Good morning. One company controls a wide swath of the concert industry, and lawmakers say music fans are paying the price.
Protesters outside the Senate this past week.Kenny Holston/The New York Times
Ticketmaster has come under intense scrutiny since it botched the rollout of tickets to Taylor Swift’s tour late last year. Though the company has long been accused of anti-consumer practices, the backlash to the Swift debacle brought a new level of public attention. This week, the Senate held a hearing that explored whether Ticketmaster and its parent company, Live Nation Entertainment, have an unfair monopoly over the live music industry.
I spoke with Ben Sisario, who covers the music industry for The Times, about how Ticketmaster become so dominant.
Ashley: How did we get from Taylor Swift tickets to a Senate hearing?
Ben: It was a phenomenal pop-culture moment. Taylor Swift, the biggest artist in the world, announced that she was going on tour for the first time in years. When there are millions of people trying to get a limited supply of tickets, there are going to be a lot of people left unhappy.
But Ticketmaster’s website also had a lot of problems. Ticketmaster said its system was overwhelmed by bots, which are used by scalpers to grab tickets ahead of real fans, and then sell those tickets back to them at inflated prices.When people logged on to purchase tickets, they were dumped into a digital queue with every other fan — and all the bots. Some fans said that even if they got through the line and added tickets to their shopping cart, by the time they went to check out, the tickets were gone.
It broke the internet. Huge numbers of people complained that they didn’t get a ticket and said that Ticketmaster failed to do its job. That caught the attention of politicians. Representative Alexandria Ocasio-Cortez called for Live Nation and Ticketmaster to be broken up, and Senator Amy Klobuchar announced a hearing with the Senate Judiciary Committee.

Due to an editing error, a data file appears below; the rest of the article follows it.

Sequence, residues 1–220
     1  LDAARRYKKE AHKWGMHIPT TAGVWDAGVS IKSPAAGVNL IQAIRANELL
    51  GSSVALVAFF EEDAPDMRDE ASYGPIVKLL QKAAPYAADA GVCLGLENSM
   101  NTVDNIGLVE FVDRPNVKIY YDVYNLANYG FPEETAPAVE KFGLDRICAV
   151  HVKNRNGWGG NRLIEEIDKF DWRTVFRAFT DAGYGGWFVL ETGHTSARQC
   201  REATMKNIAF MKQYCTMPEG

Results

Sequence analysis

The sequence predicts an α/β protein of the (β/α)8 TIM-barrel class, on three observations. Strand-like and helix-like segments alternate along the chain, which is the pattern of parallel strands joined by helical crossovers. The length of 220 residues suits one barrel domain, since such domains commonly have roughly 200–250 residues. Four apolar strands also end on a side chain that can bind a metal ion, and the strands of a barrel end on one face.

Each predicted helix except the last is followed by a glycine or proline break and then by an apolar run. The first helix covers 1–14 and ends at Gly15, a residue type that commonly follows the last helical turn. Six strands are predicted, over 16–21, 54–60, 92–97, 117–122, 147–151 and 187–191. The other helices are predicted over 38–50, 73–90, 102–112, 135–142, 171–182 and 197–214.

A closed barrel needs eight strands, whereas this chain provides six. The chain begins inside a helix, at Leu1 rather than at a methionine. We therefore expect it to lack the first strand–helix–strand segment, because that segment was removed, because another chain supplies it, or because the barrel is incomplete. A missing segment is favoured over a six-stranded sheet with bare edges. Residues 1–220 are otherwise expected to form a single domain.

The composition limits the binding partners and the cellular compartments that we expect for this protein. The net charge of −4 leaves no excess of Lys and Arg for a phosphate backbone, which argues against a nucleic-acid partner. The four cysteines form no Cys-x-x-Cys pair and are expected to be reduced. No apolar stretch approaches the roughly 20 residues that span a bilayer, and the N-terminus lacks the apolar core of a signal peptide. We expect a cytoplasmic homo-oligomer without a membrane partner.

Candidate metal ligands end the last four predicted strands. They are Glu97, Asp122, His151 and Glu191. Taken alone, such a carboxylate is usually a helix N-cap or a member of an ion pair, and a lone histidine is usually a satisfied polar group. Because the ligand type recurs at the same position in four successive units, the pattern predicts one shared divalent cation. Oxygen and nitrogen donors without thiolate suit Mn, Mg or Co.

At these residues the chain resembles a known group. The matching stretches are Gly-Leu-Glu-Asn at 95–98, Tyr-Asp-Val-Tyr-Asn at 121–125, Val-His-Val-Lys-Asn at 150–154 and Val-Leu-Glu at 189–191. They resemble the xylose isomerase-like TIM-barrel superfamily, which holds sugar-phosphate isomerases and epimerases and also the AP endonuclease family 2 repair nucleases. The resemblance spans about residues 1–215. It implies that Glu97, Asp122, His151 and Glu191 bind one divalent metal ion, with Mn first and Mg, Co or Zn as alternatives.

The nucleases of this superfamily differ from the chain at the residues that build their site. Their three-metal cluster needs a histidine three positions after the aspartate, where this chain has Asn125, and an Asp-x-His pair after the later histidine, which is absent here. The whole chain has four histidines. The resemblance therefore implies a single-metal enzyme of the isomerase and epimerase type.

The complaints from fans pointed to a longstanding criticism that Ticketmaster lacks any real competition. How did the industry come to be dominated by one company?
Live Nation Entertainment as we know it is the combination of two companies: Live Nation, the events promoter — which hires artists and puts on shows — and Ticketmaster, the ticket seller. These are usually separate jobs in the live music business.
The whole world of concert promotion had been small-scale and regional until the late 1990s, when it was all rolled up and Live Nation became the biggest concert company ever. Ticketmaster had been around for a long time, but it had never been in the business of hiring artists to play shows. The two companies were already dominant in their respective industries, and in 2010, they merged.
Usually with mergers that big, the government has to ensure that the new company will protect consumer interests. Were officials worried about a monopoly at the time?
To approve the merger, the Justice Department required that the combined company agree to certain rules. One was that Ticketmaster wasn’t allowed to force venues to sign ticketing deals by threatening to deny them access to Live Nation tours. They couldn’t say, “If you don’t use Ticketmaster, you’re not getting X-Y-Z tours next year.”
And at the hearing this week, the C.E.O. of rival ticketing service SeatGeek testified that when they pitch their services, venues will be impressed with their proposal, but say that they’re worried about losing concerts if they drop Ticketmaster. Senator Klobuchar said that this is the definition of monopoly — that Live Nation doesn’t even need to exert pressure, and people just fall in line.
How do artists feel about this? Could they just sell their own tickets?